When choosing skin care training, you should consider your professional goals, the reputation of a training provider, and whether you can afford the time and the money needed to complete the program. As with any educational program, you should learn about the school or organization that provides the training as well as the credentials of its instructors. You should also find out whether the training is suitable for someone with your educational and professional background, as skin care training for facialists will, and should, differ dramatically from classes completed by a health care professional or a sales representative for a skin care line.
Medical doctors and nurses may receive some basic education about skin and its conditions and diseases as part of their regular training. Dermatologists specialize in skin disorders and so are likely to receive more comprehensive skin care training during their residency. Both nurses and doctors who have an interest in skin care from both a medical and aesthetic perspective may be able to take continuing education courses through schools, professional organizations, and product vendors. If you are a health care professional and are interested in taking continuing education courses on skin care, you should make sure that your licensing board or employer will recognize these courses for meeting any licensing or employment requirements that you are obligated to meet.
If your interest in skin care training is to prepare you for a professional career in the beauty industry, you will want to first want decide on the path you wish to take in the personal appearance industry. In the United States, for example, aestheticians specialize in skin care, hair removal, and makeup application, and a significant part of their education is devoted to skin care training. Look for a cosmetology or aesthetics school in your area that is recognized by your jurisdiction's licensing board for cosmetologists and aestheticians. If you are already employed in the beauty industry, you should seek out providers of high-quality continuing education to help further your skin care training. As in any other profession in which continuing education hours are required by law, you should always ensure that the courses that you take are recognized by your licensing board for the renewal of your license.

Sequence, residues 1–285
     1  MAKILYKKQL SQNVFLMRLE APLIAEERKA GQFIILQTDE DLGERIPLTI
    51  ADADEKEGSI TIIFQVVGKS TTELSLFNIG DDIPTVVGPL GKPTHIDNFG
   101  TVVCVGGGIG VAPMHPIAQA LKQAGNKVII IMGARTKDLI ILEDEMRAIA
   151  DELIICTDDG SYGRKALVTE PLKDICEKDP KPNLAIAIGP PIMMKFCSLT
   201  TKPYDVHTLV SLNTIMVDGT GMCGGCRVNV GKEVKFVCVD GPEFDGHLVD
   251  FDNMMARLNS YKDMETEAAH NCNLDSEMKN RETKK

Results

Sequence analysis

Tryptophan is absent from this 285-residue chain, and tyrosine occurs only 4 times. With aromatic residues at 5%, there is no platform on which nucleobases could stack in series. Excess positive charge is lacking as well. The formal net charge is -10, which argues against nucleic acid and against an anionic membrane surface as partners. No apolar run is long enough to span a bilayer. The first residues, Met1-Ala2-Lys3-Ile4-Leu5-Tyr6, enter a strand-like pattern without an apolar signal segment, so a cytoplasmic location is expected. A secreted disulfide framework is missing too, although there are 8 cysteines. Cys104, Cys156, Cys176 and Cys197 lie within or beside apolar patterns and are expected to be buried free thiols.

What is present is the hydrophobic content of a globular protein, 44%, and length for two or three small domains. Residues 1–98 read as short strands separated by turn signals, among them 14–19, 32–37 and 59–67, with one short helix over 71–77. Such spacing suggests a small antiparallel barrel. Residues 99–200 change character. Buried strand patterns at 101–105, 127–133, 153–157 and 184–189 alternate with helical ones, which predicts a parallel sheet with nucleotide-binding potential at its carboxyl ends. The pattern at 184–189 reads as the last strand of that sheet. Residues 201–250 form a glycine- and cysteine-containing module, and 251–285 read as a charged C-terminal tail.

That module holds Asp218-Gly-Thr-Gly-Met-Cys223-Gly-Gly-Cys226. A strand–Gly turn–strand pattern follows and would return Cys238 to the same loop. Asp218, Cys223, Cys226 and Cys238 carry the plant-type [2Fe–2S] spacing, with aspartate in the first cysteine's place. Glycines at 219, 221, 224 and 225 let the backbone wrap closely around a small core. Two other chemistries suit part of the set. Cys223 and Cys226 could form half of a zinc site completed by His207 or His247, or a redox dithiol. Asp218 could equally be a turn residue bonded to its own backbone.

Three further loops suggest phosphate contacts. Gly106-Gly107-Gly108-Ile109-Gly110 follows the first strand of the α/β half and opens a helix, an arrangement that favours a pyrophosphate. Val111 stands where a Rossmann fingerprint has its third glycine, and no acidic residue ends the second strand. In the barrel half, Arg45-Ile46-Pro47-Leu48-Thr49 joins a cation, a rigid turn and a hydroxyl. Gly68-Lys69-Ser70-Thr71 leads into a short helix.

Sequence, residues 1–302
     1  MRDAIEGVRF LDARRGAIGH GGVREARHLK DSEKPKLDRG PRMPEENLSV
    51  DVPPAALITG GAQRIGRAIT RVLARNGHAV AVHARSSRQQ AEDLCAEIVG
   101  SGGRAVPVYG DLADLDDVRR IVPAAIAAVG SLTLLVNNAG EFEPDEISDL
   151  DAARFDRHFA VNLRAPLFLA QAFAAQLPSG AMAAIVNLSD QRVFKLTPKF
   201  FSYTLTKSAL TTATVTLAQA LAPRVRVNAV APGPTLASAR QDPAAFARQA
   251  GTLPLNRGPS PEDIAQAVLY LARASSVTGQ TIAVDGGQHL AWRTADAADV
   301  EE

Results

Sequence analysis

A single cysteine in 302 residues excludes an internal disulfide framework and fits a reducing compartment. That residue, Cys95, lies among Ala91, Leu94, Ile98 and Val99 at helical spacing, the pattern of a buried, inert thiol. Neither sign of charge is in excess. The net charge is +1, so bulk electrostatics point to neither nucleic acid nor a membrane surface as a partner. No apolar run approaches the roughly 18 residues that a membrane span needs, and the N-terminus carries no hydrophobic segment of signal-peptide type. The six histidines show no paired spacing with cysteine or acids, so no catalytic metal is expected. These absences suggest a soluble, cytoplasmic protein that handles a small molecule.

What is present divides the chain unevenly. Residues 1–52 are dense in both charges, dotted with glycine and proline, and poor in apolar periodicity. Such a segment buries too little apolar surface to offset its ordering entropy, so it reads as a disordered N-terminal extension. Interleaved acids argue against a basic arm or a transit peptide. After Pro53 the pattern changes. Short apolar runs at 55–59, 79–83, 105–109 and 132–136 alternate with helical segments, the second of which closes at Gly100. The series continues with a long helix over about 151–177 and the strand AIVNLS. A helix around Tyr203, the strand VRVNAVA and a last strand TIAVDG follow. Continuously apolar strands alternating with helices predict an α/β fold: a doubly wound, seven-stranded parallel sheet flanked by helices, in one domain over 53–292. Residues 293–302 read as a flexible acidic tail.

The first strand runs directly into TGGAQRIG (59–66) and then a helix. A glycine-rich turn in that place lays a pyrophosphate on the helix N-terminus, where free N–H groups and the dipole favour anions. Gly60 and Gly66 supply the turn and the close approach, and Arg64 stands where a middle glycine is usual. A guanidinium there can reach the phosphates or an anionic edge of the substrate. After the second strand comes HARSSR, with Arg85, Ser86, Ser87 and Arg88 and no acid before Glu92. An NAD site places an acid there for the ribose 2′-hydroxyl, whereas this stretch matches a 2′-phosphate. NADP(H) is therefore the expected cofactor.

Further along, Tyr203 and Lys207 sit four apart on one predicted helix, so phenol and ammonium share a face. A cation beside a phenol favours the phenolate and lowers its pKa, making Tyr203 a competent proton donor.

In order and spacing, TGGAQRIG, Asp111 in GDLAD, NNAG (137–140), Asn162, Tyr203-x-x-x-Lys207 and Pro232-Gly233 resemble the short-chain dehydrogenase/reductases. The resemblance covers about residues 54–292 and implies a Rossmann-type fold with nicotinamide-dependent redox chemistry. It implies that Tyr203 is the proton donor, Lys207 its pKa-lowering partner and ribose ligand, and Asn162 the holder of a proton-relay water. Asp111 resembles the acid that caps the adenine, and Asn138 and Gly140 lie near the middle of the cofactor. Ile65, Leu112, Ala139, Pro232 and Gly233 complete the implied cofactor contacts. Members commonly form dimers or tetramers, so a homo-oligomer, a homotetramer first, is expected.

Skin care consultants who work for or sell on behalf of cosmetic companies may be able to receive skin care training through their employer or a cosmetics manufacturer. This training typically assists the consultant in learning his or her company's product line and in being able to assist customers in determining which products they should be using. If you are employed by a cosmetics company, your employer will typically provide you with or direct you to any necessary training programs.